Next up in our Employee Spotlight series is Sean Breen, one of our enterprise account executives.
Time in the startup world moves fast—something Sean Breen knows from experience. After getting his start as an intern at a venture capital firm in Washington D.C., he quickly immersed himself in the ecosystem of enterprise companies and their founders, eventually making his mark as the territory account executive for Mapbox, a billion-dollar mapping platform. After hitting the job market a few years later in search of a new challenge, Sean met his match with Finch. Read on to hear Sean talk about the road that led him to our team and how he has been able to succeed.
I was referred to Finch by a company they use for placements called Candidate Labs. It was at the point in my career where I was ready for change and looking for a fresh challenge to energize me. When I met Ansel and Jeremy, Finch’s co-founders, I immediately understood what they were trying to build. I understood their business model and had prior experience selling technical products to developers. But meeting the team and feeling the chemistry was what sealed the deal for me.
In the beginning, it was all about building processes. Since then, it has evolved into generating new business and growing sales. Getting new customers to join Finch is my main job, but because we’re a startup, I also work with the engineering and product teams to understand what the market is telling us and communicate that internally.
It's very bidirectional. We're building our roadmap based on what we think the market needs and, at the same time, the market is telling us what it actually needs.
Not at all. I was a chemistry and economics major in school. Going into the workforce, I wanted to figure out what my abilities were and what I might be more naturally inclined at than others. A few of my mentors suggested sales. The first thing I pictured was the stereotype that everybody associates with sales, but I was intrigued by how consultative the field can be. It’s more than just selling. I’m thankful for my mentors and the conversations we had that led me here.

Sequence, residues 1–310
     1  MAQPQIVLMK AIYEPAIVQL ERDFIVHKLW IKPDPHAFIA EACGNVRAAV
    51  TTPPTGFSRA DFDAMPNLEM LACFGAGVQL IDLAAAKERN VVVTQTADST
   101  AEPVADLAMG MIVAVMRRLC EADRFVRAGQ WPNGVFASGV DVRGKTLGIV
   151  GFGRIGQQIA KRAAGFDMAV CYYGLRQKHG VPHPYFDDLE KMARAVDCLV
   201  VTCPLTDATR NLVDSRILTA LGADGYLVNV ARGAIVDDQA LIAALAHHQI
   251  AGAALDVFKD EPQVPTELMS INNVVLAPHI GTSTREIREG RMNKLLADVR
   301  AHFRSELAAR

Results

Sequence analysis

Along with being naturally curious, I’d say it’s the ability to hear what someone is saying at face value and then deduce what will best solve their problem. Oftentimes, the real value that people are looking for is one or two layers deeper than what they might communicate. For me, it presents a fun puzzle to solve.
I love that it's so dynamic. I’m a naturally curious person, and I like to get into the weeds. Working at a startup, some days are harder than others for a variety of reasons. You don’t know what you’re going to get. At the same time, you exercise a real impact on the company, the team, and your own career. Outside of fulfilling my own needs, it’s important to me to help other people fulfill theirs.
I’ve found that simplicity is key. There are three things that I need to do to have a good day: drink water, work out, and get outside. I structure my day around these very clear objectives to ensure I can be the best version of myself both professionally and personally.
I like being outside and moving around. Last year I did a couple of endurance races, but my biggest passion outside of work is helping to organize the D.C. Bike Party. It’s a once-a-month social ride that attracts 600 to 1,000 people. We tow around a large sound system and have a DJ play music, but it’s more than just a party on wheels. We’re bringing music, the arts, and joy to the city.
The people. Every company is going to have its customers and its product, but it’s the people that you’re working with and going through challenges with that make a major difference. The longer I’ve been at Finch, the more I realize how great my teammates are.
Zoom. It sounds weird, but having conversations where you can see someone’s face gets you 70% of the way there. And then, because we’re a remote-first company, there’s greater emphasis on building relationships at any time, not just during office hours. For example, I was skiing in Utah and arranged to meet up with my co-worker, Sam. We skied a full day together. It was like we’d been friends for decades.
The importance of process. Passion can get you a long way when it comes to certain endeavors, but process helps you scale. That’s a lesson I’ve learned in my time here, and I already feel like I can apply it to future projects.
Interested in joining Sean’s team at Finch? We’re hiring! Check out our open positions.